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May we all be ‘ready to edit’

By Darcy L. Fargo

Darcy Fargo

February 26, 2020

When I worked in the secular newspaper industry, I always used to say, “someday I’ll write a sitcom about a small-town newsroom, and it’ll be called ‘Ready to Edit.’”

“Ready to edit” was a designation in the writing software commonly used in newsrooms in the early 2000s. When a reporter started drafting a story, the story’s status in the system would be “original.” Once the reporter felt the story was complete, he or she would change the story’s status to “ready to edit,” and the editor(s) on the news desk that night would see a flashing alert indicating a story had been filed.

In terms of filing stories, the “ready to edit” designation meant a reporter thought the story was good, but the reporter was ready for someone else to make it even better by fixing any grammatical or spelling mistakes, asking for clarifications where an idea wasn’t fully developed/explained, writing a stronger lead (the first sentence/paragraph of the article)…

For my sitcom idea, I thought the title applied well to the small-town newsrooms I experienced in both Malone and Punxsutawney.

When I worked in the field (and this may still be true today), the secular newspaper industry tended to employ what I’d call “interesting” people. These were people who stayed up all hours of the night, drank way too much coffee, smoked way too many cigarettes, joked with gallows humor and prided themselves on getting under the skin of public officials. These were also very intelligent people. Small-town reporters need to develop at least a basic understanding of a wide variety of topics, including municipal processes, educational standards, agricultural practices, criminal law and court systems, budgets…, so the reporter can explain the topics intelligently in their reporting.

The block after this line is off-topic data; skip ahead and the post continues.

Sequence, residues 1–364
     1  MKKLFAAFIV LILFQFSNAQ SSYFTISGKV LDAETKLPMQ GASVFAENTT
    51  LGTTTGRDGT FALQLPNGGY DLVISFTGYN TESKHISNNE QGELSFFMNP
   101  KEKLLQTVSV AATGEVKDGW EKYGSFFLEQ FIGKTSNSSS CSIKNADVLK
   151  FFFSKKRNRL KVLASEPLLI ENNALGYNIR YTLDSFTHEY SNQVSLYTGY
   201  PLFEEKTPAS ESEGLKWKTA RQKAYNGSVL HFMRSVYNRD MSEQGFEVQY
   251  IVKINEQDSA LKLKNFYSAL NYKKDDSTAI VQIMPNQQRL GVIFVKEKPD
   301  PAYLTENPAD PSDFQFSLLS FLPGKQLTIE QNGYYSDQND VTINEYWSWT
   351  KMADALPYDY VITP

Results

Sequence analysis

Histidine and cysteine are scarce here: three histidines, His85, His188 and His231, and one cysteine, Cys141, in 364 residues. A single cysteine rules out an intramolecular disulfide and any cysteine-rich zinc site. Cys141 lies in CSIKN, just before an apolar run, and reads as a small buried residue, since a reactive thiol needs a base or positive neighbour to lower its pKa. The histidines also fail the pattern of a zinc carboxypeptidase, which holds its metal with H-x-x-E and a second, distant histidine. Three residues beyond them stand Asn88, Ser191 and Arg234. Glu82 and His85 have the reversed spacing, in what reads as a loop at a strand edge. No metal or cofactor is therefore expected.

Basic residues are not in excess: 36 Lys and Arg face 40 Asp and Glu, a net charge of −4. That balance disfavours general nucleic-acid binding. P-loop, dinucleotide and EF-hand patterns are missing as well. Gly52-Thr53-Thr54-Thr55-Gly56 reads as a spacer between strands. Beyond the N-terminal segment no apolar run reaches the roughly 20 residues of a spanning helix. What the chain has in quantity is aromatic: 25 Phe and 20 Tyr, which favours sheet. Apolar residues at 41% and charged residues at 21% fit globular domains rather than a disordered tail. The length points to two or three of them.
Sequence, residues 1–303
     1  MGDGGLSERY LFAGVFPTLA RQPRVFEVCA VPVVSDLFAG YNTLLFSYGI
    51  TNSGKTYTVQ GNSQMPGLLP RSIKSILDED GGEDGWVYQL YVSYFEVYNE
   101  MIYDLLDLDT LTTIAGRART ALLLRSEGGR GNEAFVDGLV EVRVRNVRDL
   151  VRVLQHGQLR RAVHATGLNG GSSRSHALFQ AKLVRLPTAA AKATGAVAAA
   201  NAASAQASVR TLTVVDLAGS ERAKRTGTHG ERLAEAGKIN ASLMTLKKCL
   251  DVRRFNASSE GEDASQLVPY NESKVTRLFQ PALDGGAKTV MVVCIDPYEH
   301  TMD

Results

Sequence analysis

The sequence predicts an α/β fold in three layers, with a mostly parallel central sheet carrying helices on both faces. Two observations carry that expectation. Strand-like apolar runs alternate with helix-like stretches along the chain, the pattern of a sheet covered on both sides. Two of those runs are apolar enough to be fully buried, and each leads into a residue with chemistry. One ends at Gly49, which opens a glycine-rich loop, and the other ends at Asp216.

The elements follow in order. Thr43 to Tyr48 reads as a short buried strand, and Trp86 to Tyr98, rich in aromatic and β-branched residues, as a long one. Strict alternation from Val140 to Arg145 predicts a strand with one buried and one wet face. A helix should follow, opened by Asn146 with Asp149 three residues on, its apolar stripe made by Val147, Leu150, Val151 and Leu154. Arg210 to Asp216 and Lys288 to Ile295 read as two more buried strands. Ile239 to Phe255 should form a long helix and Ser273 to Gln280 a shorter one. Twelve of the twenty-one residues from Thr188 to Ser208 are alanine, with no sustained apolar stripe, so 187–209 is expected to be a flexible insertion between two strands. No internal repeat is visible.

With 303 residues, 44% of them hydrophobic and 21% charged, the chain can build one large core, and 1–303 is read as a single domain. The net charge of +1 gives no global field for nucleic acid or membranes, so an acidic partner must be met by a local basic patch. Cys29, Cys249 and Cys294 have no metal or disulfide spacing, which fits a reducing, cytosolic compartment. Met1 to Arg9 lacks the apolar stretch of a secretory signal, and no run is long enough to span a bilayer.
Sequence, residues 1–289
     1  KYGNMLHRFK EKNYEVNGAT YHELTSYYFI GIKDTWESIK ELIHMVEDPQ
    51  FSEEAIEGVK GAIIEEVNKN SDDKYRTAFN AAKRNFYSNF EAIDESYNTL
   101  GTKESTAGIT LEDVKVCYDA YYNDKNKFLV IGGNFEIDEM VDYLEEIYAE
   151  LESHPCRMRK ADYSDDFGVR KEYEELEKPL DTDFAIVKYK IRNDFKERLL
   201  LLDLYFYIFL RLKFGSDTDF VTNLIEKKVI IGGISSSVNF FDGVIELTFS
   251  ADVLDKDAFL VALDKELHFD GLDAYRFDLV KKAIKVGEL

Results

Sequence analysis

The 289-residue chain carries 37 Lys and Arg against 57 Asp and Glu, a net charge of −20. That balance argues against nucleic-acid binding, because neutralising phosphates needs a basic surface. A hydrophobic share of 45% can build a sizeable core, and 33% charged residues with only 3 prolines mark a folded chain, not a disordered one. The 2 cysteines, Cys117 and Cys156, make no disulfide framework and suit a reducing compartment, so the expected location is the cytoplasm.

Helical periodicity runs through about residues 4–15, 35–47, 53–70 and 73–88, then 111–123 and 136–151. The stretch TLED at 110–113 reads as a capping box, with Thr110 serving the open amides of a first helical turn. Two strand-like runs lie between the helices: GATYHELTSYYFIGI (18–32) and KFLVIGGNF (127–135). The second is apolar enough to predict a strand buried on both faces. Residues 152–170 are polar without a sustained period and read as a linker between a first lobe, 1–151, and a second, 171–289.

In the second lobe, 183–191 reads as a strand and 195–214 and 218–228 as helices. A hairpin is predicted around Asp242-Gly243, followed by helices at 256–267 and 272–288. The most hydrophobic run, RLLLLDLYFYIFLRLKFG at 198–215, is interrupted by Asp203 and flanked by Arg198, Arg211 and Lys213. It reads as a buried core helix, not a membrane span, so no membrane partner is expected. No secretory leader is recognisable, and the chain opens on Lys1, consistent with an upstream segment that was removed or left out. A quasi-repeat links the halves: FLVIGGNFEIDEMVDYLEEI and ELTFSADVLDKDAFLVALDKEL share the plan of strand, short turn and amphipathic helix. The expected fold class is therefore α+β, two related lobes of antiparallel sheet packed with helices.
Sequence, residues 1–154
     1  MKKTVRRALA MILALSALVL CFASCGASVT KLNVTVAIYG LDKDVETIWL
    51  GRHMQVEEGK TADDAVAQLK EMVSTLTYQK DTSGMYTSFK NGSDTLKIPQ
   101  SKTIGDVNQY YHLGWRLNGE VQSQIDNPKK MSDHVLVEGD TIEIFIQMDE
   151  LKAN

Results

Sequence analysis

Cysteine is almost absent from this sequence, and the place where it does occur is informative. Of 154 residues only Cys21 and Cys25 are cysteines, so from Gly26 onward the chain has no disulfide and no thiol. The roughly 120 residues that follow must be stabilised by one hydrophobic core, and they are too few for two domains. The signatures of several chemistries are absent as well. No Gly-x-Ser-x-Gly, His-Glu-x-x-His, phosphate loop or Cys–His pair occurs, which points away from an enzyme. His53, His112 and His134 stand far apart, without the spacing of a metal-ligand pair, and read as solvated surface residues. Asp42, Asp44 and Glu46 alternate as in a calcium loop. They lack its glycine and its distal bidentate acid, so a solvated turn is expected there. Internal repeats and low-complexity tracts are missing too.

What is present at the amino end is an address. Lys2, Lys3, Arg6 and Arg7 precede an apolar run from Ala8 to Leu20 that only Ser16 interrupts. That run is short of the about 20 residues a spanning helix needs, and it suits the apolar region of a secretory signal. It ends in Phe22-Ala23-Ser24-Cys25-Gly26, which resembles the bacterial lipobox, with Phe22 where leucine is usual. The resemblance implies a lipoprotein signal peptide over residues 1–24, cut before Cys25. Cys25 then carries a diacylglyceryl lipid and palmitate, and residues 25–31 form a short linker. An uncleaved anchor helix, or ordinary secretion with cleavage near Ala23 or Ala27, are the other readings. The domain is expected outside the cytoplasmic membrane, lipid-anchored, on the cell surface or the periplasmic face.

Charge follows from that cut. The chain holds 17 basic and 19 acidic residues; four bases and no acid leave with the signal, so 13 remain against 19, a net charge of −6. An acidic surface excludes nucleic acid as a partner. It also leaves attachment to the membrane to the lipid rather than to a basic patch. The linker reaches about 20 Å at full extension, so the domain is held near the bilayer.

These newsrooms employed outstanding (and fun) people, but these people, me included, also had areas where they could be improved.

I was thinking about “ready to edit” as I prepared for Lent. While I’m trying to live out my faith and follow the Lord, I recognize that there are things I do very well, but there are also lots of areas in which I could improve.

I recognize I need God’s grace, and I need to cooperate with that grace to overcome my sinfulness, my attachment to my will and my pride.

I pray we all approach this Lenten season open to God’s grace and willing to cooperate with it. I pray we’re all “ready to edit.”

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